As you begin searching, take a moment to think about what words and phrases you will want to use in your searching.
My usual approach is to start very simply.
Take a look at your topic. Pick out the main words, the keywords, and use these to begin searching.
You might think of different ways to refer to the same topic (lawyer/attorney) (capital punishment/death penalty) (dog/canine). Think about alternative words or synonyms.
As you start searching, keep an open mind for additional words and phrases and concepts that you might find along the way. Often when you actually start looking at your results, you’ll notice other related terms that could be options for further searching (an example would be subject terms - for more on this, see the box on the right).
But at the beginning, keep it simple.
Once you start seeing search results, then you can refine and adjust as needed. You can add additional terms, you can narrow by date, you can choose to see only certain types of sources, e.g. academic journals. The options vary depending on where you’re searching, but in general there are ways that you can increase or decrease your results, depending on what your needs are.
Librarians can help with this. Feel free to ask.
What are subject terms?
Subject terms are standardized words and phrases that identify the key elements of the book or article – they identify the core of what the book or article is about.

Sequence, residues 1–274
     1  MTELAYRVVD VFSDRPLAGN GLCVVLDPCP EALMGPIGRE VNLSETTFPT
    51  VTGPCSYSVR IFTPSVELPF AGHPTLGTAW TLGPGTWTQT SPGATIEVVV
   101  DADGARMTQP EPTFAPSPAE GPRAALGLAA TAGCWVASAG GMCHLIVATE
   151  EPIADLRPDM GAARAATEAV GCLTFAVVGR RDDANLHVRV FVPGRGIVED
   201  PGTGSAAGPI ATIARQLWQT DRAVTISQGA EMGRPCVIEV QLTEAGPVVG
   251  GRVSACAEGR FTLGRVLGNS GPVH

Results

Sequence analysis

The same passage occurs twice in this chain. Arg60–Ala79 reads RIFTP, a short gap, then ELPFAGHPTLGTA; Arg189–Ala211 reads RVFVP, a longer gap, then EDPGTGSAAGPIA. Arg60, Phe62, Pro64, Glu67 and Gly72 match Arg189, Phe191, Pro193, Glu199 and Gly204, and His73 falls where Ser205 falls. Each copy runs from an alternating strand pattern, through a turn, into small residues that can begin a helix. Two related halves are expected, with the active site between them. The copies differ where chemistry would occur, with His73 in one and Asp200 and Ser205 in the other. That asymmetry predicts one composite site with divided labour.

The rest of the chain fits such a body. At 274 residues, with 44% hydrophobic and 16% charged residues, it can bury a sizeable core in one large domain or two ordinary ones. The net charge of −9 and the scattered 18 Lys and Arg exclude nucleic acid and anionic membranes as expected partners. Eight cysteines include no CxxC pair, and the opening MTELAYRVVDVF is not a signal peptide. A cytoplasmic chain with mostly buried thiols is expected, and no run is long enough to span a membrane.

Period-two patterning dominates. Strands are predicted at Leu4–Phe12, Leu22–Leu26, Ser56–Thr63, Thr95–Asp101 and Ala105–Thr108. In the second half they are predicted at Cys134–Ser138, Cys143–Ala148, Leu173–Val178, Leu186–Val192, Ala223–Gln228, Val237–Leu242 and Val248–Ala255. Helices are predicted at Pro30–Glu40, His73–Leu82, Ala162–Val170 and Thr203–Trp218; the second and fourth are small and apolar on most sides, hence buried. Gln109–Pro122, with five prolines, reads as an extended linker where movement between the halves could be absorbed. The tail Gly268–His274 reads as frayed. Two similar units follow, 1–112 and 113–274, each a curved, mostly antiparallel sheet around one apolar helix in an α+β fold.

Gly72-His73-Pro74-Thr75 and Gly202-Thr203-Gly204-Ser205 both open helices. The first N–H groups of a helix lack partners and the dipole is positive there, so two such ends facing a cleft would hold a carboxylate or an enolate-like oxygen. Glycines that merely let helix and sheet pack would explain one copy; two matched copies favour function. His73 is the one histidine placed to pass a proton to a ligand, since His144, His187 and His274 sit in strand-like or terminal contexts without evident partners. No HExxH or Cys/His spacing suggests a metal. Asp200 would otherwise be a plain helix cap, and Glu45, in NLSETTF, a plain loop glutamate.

How can they be useful?
A good way to use subject terms (sometimes called subjects or subject headings) is to use them to refine or focus your searching, or to find other materials on a specific topic.
How should you use them?
I usually recommend that you begin with a keyword search. Begin your search with some of the key or primary terms in your research topic. Start browsing your search results. When you find a book or an article that is close to what you're looking for, look at the subject terms that are being used to describe the item. You can use these to find other items on the same topic - often the subject terms are clickable - you can click on them to find other items on that topic.
Once you’ve identified specific subject terms that relate to your topic, you can do new searches with those topics. In the Bluffton Library Catalog, for example, click on the Subject tab, then enter the subject term into the top search box labeled Library of Congress Subject Heading.
Here are some examples of subject terms that might be useful: